Fuel tips: Additives, octane, ethanol and more.

Colin
By Colin Wood
Aug 30, 2021 | Fuel Tips, Fuel Facts

Should you use fuel additives? Do you have options if 93 octane isn’t enough? How much ethanol is really in that E85?

If you’ve asked yourself any of these questions, it's been answered by Sunoco technical specialist Zachary Santner as part of our Fuel Tips and Fuel Facts series, which you can read in their entireties below.

Fuel Tips from Grassroots Motorsports:

What separates a race fuel from a street fuel?
The science of high-octane fuel
What happens to gasoline as it ages?
Ethanol or not for your gasoline?
Does all E85 contain 85% ethanol?
Why does E85 run cooler and make more power?
More oxygen for more power?
Why not methanol?
Picking the proper gas regarding lead and oxygen
Narrowing the fuel field
91 vs. 93 octane
Why top tier street fuels matter
Fueling your boosted engine
What fuel to feed a rotary engine?
Lawn and garden equipment needs the proper fuel, too
What is vapor pressure of gasoline and why should you care?
What is specific gravity of gasoline and why should you care?
Adding additives to your fuel. | Yes or no?
What's really in that fuel additive?
Antioxidants, fuel stabilizers, and you
Winter fuels for wintertime
Fuels for a post-apocalyptic world
Need help selecting a fuel? Call the experts.
Gas station basics that aren’t that basic

Fuel Facts from Classic Motorsports:

What is race gas?
Which race fuel is right for you?
Buying and storing race fuel
The right fuel in the fall might help your engine start in the spring
Fuels for storage: good, better, best
How much octane is enough for my classic?
93-octane not enough? Solutions exist.

Can you blend fuels to get the right mix?
Tuning for today's oxygenated fuels
Picking the proper gas
How to choose a quality gas station
Why is there ethanol in our gasoline?
Why not avgas in your car?
Water is great for your plants, not so much for your fuel system
Gasoline makes a terrific degreaser, yet this practice can kill you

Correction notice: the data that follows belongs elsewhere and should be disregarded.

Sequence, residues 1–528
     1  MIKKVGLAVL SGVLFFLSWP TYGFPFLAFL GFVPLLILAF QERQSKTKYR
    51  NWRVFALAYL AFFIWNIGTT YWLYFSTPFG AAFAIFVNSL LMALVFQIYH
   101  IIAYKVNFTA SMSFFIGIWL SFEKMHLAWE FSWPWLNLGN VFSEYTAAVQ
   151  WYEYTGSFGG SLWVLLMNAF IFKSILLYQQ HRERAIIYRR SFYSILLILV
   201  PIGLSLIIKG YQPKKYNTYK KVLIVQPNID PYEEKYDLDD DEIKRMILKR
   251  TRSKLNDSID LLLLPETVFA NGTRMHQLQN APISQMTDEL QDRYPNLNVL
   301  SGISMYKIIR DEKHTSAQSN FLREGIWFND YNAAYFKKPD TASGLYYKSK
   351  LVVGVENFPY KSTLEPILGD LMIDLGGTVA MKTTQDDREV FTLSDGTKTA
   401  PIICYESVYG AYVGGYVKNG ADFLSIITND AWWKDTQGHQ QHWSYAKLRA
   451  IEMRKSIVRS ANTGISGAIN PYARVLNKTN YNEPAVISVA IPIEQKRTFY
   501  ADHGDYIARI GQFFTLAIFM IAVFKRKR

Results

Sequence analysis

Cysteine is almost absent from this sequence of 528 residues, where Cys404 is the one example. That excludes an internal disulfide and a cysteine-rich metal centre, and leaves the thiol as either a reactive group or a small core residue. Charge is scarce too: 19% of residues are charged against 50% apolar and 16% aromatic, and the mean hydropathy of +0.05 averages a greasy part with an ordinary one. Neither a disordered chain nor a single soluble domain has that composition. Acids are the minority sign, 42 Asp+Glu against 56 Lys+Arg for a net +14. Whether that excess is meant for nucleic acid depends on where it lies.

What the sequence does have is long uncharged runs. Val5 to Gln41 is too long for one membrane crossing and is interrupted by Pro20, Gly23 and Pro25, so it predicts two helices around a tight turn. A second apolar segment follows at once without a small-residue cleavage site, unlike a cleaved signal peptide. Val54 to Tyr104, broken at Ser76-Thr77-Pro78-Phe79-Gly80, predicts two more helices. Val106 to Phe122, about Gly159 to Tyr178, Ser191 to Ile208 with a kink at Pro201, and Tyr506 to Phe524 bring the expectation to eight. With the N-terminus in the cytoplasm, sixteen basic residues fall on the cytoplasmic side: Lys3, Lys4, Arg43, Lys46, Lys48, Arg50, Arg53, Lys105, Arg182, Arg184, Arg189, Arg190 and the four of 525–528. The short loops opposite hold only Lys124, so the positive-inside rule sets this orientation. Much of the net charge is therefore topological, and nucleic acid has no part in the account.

And, in case your question isn’t answered above, post it below and we’ll be sure to ask our friendly neighborhood fuel specialist the next time we give him a ring.

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Comments
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Colin Wood
Colin Wood Associate Editor
8/24/21 2:36 p.m.

This might come as a surprise, but one of the biggest things I learned from these is that just because it's labeled E85, doesn't mean it gas 85% ethanol.

I know, might sound like a given, but I guess I just assumed it would always have that much ethanol in it.

frenchyd
frenchyd UltimaDork
8/24/21 2:48 p.m.

In reply to Colin Wood :

Our pump stickers actually say 51-85% ethanol.  Later in the summer it's usually near 85% in winter it's closer to 51% 

  But that's not the only problem. The 15%  that is gasoline can be pretty poor quality gasoline.  
Hence the need to buy from a racing source. To get 85% ethanol and high quality  gasoline.  
  That or have a flex fuel sensor measure and do the timing and fuel quality adjustments for you. 

David S. Wallens
David S. Wallens Editorial Director
8/24/21 3:00 p.m.

Sames, the E85 talk has been among the bigger surprises for me. "You mean that E85 can contain only 51% ethanol?"

JG had been running our Corvette on E85 from the corner station. Then we got some Sunoco E85-R for Time Trial Nats. 

"So, um, what's the other 15% of that stuff?" he asked me. "Rocket fuel?"

So I asked Sunoco: The gasoline component of E85-R is almost 100 octane race fuel, not 85 octane low-grade. smiley

alfadriver
alfadriver GRM+ Memberand MegaDork
8/24/21 3:03 p.m.

In reply to David S. Wallens :

Man, I HOPE it's not rocket fuel- that would be a terrible choice.  That's just very  pure kerosene- which has a pretty low octane rating.  Good cetane, though.  

I know it's a passing joke, but it's interesting how people think that "rocket fuel" is so potent for a gas engine.

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